The U.S. Naval Institute on Women in the Navy Cover

The U.S. Naval Institute on Women in the Navy

The History

Thomas J. Cutler

Naval Institute Press, Annapolis, Maryland, 2015, 184 pages

Book Review published on: December 7, 2018

The typical female naval enlistee was twenty years old in 1972. Older than her male counterpart, her friends were divided about her desire to serve, she had no friends with any history in the service and was only able to serve in one-fourth of the Navy and Coast Guard occupations. She could neither serve sea duty nor attend the academy or serve in combat. Once married, her husband could not be a dependent unless he received more than half of his support from her. Additionally, she would be automatically discharged from service if she became pregnant. Even with these restrictions there were still more female applicants than the Navy could use in the limited slots available. Due to the limited number of slots, the test scores of women enlistees in the Navy were higher than their male counterparts who qualified for service.

The U.S. Naval Institute on Women in the Navy: The History is a collection of articles from the U.S. Naval Institute. The book is an eye-opening tribute that documents the history and, consequently, the evolution of the integration of women from volunteers to wearing admiral’s stars. It covers much of the history of tens of thousands of women who served in the U.S. Navy. The book’s time frame begins shortly after the foundations of the Continental navy in 1775 and continues to the dedication of the Women in Military Service for America Memorial in 1997. Some articles take a macro view, covering many of the events impacting thousands of women, while other articles delve into the personal insights of individual contributors.

Women in the Navy begins with an article focused on the female volunteers providing nursing care on ships in 1776 due to a natural-nurturing instinct. Other women would don disguises in order to enlist or volunteer only to fallback or be pushed out after the need passed. It would be nineteen years after the first trained nurse and before the Sisters of the Holy Cross were belatedly given a pension for the volunteer work they had completed thirty years earlier.

A few of the significant women’s naval history events covered by the book include:
  • 1802, Captain’s duties include ensuring no women go out to sea
  • 1892, Sisters of Holy Cross given a pension for their efforts in 1862
  • 1942, Rear Adm. Randall Jacobs requests identification of jobs women can fill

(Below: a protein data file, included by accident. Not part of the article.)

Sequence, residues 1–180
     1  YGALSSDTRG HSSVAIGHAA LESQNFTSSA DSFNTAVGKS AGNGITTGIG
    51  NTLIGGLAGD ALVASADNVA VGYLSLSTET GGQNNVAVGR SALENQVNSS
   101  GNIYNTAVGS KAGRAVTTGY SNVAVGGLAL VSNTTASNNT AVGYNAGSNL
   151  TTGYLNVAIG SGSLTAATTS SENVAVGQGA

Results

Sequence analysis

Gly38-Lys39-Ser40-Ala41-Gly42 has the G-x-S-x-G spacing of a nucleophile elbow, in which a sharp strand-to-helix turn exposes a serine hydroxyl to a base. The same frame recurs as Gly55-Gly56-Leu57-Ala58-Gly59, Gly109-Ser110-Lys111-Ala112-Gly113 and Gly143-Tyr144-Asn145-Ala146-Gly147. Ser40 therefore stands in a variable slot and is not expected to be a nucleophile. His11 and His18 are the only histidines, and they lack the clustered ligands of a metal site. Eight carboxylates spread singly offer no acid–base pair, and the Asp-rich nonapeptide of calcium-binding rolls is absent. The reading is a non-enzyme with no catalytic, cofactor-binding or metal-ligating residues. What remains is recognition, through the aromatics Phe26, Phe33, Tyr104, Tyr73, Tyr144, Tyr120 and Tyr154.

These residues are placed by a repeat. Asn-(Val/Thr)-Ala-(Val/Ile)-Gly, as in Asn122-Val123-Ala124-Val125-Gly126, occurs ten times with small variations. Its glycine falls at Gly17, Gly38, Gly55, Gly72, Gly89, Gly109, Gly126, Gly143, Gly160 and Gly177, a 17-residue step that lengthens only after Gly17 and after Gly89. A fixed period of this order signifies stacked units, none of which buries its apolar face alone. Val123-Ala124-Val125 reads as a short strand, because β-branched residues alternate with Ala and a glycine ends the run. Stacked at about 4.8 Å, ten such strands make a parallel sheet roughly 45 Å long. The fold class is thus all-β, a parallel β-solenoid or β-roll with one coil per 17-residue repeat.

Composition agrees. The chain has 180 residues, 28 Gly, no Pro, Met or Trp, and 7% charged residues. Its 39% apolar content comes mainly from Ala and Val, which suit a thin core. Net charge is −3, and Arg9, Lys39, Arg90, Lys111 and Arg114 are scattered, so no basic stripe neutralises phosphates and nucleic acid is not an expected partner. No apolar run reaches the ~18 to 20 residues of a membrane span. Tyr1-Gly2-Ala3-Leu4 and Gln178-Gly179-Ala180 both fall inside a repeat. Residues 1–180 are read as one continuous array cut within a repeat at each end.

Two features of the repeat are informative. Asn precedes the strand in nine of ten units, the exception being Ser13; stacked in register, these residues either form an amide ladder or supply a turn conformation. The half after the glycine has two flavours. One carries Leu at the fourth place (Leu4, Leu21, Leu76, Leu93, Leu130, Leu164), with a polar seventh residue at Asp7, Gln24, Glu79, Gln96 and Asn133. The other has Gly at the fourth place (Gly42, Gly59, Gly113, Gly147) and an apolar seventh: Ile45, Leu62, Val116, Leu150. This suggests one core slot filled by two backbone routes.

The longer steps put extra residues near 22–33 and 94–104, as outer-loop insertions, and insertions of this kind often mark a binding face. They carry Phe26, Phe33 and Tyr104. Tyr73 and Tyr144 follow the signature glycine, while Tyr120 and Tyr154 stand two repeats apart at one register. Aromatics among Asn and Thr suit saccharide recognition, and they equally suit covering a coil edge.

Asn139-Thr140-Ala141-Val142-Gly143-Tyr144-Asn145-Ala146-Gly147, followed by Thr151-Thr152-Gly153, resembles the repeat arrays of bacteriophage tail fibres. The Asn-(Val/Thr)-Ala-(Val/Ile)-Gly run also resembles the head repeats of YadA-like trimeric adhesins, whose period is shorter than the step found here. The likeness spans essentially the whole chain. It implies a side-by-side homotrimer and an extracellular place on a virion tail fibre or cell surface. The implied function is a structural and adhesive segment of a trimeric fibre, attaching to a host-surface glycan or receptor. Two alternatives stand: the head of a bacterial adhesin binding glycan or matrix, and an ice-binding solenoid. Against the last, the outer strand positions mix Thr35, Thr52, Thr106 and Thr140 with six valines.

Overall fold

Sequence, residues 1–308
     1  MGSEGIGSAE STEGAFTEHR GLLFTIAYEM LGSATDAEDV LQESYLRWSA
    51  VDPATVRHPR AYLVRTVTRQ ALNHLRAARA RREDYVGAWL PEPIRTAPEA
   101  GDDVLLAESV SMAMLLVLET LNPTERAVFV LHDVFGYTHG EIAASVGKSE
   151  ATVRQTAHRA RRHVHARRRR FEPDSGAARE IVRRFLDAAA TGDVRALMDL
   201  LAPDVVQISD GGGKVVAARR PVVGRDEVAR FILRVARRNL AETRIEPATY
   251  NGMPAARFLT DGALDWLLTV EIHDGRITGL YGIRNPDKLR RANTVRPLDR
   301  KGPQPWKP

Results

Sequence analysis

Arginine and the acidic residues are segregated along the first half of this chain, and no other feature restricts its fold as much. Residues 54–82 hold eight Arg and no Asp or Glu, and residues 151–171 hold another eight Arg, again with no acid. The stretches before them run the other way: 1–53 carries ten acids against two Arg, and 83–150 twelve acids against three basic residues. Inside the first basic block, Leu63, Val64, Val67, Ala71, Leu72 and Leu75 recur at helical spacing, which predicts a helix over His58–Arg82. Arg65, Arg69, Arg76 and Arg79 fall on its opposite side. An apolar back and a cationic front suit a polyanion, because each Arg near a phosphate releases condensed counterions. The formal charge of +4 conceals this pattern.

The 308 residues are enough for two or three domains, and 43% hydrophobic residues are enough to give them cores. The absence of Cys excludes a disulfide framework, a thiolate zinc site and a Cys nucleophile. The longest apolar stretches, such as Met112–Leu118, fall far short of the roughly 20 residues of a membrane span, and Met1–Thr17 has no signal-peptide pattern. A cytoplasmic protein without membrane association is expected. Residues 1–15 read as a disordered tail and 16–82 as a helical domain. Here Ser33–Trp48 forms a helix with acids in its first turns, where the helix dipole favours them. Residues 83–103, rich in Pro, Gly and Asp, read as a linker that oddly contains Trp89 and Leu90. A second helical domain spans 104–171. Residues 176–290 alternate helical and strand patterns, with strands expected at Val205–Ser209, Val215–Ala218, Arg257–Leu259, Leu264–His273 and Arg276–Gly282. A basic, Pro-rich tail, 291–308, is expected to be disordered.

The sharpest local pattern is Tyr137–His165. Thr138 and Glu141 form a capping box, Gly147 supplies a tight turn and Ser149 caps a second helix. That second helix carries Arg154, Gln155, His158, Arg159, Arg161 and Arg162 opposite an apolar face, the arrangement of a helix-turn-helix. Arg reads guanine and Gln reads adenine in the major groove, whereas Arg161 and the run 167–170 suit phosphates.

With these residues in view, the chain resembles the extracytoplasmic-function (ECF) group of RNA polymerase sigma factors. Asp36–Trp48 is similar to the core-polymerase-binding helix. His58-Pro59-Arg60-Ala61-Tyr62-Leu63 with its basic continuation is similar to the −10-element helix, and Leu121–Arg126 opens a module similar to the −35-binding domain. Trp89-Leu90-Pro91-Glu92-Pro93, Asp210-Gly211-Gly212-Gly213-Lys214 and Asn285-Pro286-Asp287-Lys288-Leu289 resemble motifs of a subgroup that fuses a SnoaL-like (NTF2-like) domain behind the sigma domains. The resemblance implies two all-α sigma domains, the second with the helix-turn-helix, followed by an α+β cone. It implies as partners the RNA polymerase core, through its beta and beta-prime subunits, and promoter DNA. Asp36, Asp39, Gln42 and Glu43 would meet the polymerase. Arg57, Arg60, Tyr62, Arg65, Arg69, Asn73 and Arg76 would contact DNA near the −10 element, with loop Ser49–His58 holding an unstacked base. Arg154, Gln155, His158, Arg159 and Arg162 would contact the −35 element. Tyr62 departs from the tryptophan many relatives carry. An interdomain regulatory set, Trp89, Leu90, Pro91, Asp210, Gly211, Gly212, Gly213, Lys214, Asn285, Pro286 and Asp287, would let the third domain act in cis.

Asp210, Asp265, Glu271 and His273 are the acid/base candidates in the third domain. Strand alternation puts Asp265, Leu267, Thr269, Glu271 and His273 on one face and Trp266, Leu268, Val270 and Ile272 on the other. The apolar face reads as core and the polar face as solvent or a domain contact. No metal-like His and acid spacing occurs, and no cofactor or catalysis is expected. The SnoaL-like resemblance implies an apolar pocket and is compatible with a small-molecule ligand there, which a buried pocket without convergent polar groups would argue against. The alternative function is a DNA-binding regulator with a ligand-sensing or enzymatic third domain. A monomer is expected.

• 1948, Womens’ Armed Services Integration Act
  • 1972, Men cannot be dependents unless they receive one-half of their support from their spouse
  • 1972, Navy couples collocated
  • 1972, Z Gram Equal Rights and Opportunities for Women
  • 1972, Legitimate government need for automatic discharge rule
  • 1974, Women assigned to Marines Forces (FMF)
  • 1976, First woman admitted to the U.S. Naval Academy
  • 1977, Coast Guard assigns women to sea duty
  • 1977, Women dissolution after service
  • 1980, Defense Officer Personnel Management Act repeals all sections of the law requiring separate appointment, promotion, accountability, separation, and retirement of women officers
  • 1980, Services issue service-wide policy guidance on harassment
  • 1993, 1948 combat exclusion law repealed
  • 1995, 571 women (14 percent of brigade) at the U.S. Naval Academy
  • 1996, Guided missile destroyer named after Adm. Grace Hopper
  • 1997, Women in Military Service for America Memorial at Arlington, Virginia

The book ends with a celebration of the history of women in the Navy, including the 1996 naming of the guided missile destroyer Hopper after Rear Adm. Grace Hopper and the 1997 dedication of the Women in Military Service for America Memorial to the 1.8 million women who served in the Armed Forces. It is with sincere appreciation that I highly recommend Women in the Navy: The History to anyone interested in naval and women’s history. The book is an insightful reconstruction of women’s pursuit of naval service and the Navy’s dedication to adapt and maintain a combat-ready force.

Book Review written by: Kathy Kim Strand, MEd, Fort Leavenworth, Kansas